Statement by Chad Stone, Chief Economist, on the October Employment Report
Today’s solid jobs report shows the labor market continues to improve in important ways but that wage growth continues to languish (see chart) — suggesting that the Federal Reserve should wait until the labor market improves enough to boost wages before raising interest rates.
Average hourly earnings of production and non-supervisory (non-management) employees on private payrolls were 2.2 percent higher in October than a year earlier, before adjusting for inflation. Average hourly earnings of all employees on private payrolls (for which we only have data that go back to the mid-2000s) are growing even more slowly. Inflation has been modest as well, but over the course of the economic recovery, real (inflation-adjusted) wages have hardly grown and are lagging behind increases in workers’ productivity. Consequently, the share of businesses’ earnings going into owners’ pockets has been expanding at the expense of workers’ paychecks.
Over a normal business cycle, profits fall more than earnings in a recession and bounce back faster as the economy begins to recover, followed by a recovery in wages. The jobs slump in the wake of the Great Recession was so deep and protracted, however, that wages have yet to bounce back.
Although unemployment has fallen substantially, other labor market indicators suggest that the amount of “slack” in the labor market (people not currently working but who want to be or people who want to be working more hours than they now are) is larger than what the unemployment rate alone suggests. Economists are now debating how much of the sharp declines in labor force participation and in the share of the population with a job reflects reversible slack and how much reflects the normal retirement patterns of an aging population. Ongoing wage weakness suggests that slack remains an important element of the story.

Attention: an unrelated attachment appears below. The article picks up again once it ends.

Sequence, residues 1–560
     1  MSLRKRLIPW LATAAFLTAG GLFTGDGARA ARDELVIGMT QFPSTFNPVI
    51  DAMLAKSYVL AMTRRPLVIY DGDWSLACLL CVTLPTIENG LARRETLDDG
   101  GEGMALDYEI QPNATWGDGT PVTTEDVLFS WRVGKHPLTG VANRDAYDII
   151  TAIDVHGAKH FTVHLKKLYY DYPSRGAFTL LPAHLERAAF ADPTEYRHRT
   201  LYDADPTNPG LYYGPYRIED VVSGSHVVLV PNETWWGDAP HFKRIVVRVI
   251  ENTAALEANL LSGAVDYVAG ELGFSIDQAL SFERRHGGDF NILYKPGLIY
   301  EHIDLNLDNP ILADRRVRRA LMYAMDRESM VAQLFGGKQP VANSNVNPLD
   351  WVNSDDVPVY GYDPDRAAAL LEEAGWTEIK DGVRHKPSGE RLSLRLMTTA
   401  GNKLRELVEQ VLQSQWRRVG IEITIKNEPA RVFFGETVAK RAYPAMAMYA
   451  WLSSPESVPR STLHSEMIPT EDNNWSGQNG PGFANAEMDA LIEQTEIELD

Strong demand for goods and services is the cure for labor market slack and sluggish wage growth. The Federal Reserve has stressed that its decision to begin “normalizing” monetary policy by raising short-term interest rates will depend on how inflation and labor market conditions behave over the coming year. If we see inflation at the Fed’s target of 2 percent and productivity returns to about 1.5 percent annual growth, wage growth could increase to something like 3.5 percent without threatening employers’ normal profit margins.
The Fed seems willing to wait until we are on such a path before raising rates. Lawmakers should similarly forgo near-term budget cuts that would throw us off that track.
About the October Jobs Report
Employers reported solid payroll growth in October. In the separate household survey, the unemployment rate fell to 5.8 percent, as the labor force grew, employment rose, and unemployment fell. Average hourly earnings rose modestly.
- Private and government payrolls combined rose by 214,000 jobs in October and the Bureau of Labor Statistics revised job growth in the previous two months upward by a total of 31,000 jobs. Private employers added 209,000 jobs in October, while overall government employment rose by 5,000. Federal government employment fell by 3,000, while state government rose by 1,000 and local government rose by 7,000.
- This is the 56th straight month of private-sector job creation, with payrolls growing by 10.6 million jobs (a pace of 189,000 jobs a month) since February 2010; total nonfarm employment (private plus government jobs) has grown by 10.0 million jobs over the same period, or 179,000 a month. Total government jobs fell by 554,000 over this period, dominated by a loss of 313,000 local government jobs.